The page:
Family & Relationships

11 Tips to Regain Control After a Divorce

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Recovering from a divorce is difficult. You have to learn how to be yourself again. You have to deal with finances in a different manner. You have to learn how to move forward emotionally and mentally.

It may seem impossible, but you can start a new life after divorce. Begin with these 11 tips to regain control of your life and get back to living.

1. Don't drag out the legalities of a divorce.

In order to be able to truly start that next phase of your life after divorce, you need to make sure all the paperwork is finalized. It might seem easier to avoid it. Or maybe you are afraid of losing your belongings or afraid of acknowledging that this is really happening. No matter the reason you are avoiding the paperwork, it is probably only making things worse for you. Dragging things out unnecessarily can cost you — financially and emotionally.

So, if you still have paperwork in front of you or loose strings to tie up, get it taken care of now. This includes separating assets and writing them all down as well as signing the finalized papers. The quicker you get this part done, the faster you can move on with your life after divorce.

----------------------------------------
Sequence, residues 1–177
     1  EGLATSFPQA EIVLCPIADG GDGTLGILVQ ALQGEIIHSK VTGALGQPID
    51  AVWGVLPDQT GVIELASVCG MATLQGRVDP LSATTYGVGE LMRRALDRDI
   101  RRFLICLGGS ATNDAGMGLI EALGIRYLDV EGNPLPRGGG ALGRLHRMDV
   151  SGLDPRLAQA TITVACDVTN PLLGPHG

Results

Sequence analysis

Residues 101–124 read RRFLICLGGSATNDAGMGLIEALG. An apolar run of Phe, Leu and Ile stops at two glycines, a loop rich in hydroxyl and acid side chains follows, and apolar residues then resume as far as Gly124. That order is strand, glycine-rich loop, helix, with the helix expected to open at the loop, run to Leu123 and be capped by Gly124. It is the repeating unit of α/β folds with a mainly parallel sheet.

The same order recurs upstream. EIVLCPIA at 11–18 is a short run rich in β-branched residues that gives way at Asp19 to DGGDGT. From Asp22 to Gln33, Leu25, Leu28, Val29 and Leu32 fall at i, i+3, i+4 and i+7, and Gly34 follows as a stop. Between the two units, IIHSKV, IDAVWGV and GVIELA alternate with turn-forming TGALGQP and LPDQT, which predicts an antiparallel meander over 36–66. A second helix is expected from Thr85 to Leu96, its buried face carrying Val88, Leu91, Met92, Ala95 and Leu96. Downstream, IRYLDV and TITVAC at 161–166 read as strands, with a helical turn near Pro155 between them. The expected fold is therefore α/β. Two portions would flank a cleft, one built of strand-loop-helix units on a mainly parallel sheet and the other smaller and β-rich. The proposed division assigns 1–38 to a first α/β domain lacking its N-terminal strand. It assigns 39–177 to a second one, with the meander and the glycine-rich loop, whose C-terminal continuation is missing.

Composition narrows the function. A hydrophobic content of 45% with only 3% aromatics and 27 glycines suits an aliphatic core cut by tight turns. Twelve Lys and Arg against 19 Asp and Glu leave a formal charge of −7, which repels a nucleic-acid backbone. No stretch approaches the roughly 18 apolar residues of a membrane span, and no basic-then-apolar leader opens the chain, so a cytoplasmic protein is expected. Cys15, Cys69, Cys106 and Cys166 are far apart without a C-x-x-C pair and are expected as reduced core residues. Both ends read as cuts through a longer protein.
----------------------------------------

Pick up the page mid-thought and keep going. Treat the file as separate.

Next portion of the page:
2. Know that it's okay to mourn.

A divorce is the death of life as you knew it. It doesn’t matter whether you initiated the divorce. It doesn’t even matter how long you were married. Your life is changing. You might think that the best thing to do is put up an emotional wall, the more you put up dealing with your emotions about this change in your life, the harder it will be.

The emotional stages of divorce are much like the emotional stages of grief. You have lost something, so let yourself experience those different stages of grief. Experiencing those feelings now will ensure you can accept life after divorce in the long run.

3. Create a budget.

Most married couples share finances, and as a result, everything ends up in turmoil when they go through a divorce. Once you are living on your own, one of the most important first steps is to create a budget.